Backpack display opens students’ eyes


Robbie Elsbury Jr.

The backpacks represented the amount of students each year who commit suicide.

Savannah Hernandez, Assistant News Editor

On Tuesday, Oct. 8, Active Minds hosted a suicide awareness event known as Send Silence Packing on the University Center Mall.

Send Silence Packing is an exhibit of 1,100 backpacks to represent the amount of students lost to suicide every year. The exhibit included booths for mental health resources, counselors for attendees to speak with and volunteers to provide comfort.

“Everyone has mental health, but not everyone has mental illness. Those struggling with mental illness should not feel ashamed and should not feel the need to hide their pain,” said Kelsey Pacetti.

Pacetti became the president of Active Minds this year, and she hopes that Send Silence Packing sent out a universal message: students should speak out about their pain because suffering in silence often leads to the worst.

“Stigma is shame. Shame causes silence. Silence hurts us all,” she said.

Not only did members and executives of Active Minds help set up the exhibit, but some were there throughout the day to speak with and help give resources to visitors.

“Helping unload the backpacks was definitely moving, but I didn’t really expect the differences in all the stories,” said Taylor Stevens. “I approached some students who were looking at the backpacks who were really emotionally affected.”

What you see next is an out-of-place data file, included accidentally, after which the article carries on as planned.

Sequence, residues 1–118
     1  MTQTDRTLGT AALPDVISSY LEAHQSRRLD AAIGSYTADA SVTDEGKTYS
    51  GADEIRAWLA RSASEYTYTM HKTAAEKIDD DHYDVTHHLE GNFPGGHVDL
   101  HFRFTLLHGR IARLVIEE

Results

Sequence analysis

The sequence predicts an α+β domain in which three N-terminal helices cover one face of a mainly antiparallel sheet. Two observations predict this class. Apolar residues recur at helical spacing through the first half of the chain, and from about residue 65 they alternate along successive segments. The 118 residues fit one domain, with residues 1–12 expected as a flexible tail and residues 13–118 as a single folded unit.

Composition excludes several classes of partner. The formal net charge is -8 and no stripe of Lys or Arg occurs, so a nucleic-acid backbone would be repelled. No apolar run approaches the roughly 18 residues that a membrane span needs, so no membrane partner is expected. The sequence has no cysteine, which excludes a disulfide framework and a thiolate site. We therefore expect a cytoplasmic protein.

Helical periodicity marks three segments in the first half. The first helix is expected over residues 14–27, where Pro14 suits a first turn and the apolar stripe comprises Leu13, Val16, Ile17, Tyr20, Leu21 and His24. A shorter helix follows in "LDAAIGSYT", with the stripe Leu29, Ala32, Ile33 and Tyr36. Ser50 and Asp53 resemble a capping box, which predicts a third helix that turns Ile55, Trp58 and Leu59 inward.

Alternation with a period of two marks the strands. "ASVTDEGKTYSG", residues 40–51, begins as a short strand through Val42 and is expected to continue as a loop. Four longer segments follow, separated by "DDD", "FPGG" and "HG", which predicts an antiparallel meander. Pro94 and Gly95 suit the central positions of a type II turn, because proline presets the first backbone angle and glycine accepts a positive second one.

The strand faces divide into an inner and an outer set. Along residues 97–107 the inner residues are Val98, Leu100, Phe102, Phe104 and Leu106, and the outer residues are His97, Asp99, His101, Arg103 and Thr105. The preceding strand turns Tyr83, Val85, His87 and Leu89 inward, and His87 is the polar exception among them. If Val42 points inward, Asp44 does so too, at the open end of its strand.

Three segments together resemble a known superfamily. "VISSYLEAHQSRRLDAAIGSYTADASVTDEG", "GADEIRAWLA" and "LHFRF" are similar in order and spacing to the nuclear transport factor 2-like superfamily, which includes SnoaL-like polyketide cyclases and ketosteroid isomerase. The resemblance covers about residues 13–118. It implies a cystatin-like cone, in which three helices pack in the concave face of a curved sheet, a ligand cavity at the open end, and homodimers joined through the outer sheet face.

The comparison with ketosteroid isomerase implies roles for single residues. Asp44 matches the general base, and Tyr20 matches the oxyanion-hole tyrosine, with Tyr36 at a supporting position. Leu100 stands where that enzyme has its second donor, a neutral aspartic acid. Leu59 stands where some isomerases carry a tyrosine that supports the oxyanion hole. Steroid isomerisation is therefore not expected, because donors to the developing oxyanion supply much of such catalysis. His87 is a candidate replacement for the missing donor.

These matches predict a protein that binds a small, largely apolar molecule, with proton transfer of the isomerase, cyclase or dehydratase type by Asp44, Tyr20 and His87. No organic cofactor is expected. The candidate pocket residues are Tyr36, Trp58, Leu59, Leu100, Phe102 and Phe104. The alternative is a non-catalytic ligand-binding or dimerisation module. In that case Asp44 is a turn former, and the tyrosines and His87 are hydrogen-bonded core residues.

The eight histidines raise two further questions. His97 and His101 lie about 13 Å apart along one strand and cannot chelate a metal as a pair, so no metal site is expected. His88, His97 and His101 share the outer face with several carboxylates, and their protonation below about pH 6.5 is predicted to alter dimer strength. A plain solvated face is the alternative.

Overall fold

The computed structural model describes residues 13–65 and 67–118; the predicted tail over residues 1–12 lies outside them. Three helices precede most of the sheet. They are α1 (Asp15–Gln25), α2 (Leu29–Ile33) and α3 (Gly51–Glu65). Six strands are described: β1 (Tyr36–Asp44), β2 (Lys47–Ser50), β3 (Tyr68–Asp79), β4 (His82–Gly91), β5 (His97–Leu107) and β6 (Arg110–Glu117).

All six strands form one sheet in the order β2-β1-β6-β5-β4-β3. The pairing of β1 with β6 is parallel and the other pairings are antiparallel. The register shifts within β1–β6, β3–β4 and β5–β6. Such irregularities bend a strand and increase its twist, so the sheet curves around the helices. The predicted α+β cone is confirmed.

Stevens is the founder of Active Minds on the UW-W campus and helped organize the event. She said that she had hoped the exhibit would get students thinking, and she believes that it did exactly that.

“Even if you didn’t stop and read a story, just hearing about what the backpacks signified really got students to think about themselves or someone that they know who they think they should reach out to. We want to make sure that students feel safe on campus. No matter what, there are support networks and there are people you can talk to,” she said.

Many students stopped to view the backpacks and discover what resources the campus has for mental health care.

“I have been exposed to mental health awareness before but seeing the physical backpacks and the stories of each person was very powerful and eye-opening,” said Maddie Walczak. “It showed how you don’t know how anyone else feels. Anyone around you could need help, which is why we really need to look out for one another.”

Walczak was interested in the display of backpacks but did not expect such personal, hard-hitting stories.

If you are in need of mental health resources, call the counseling center at 262-472-1305 or make an appointment online.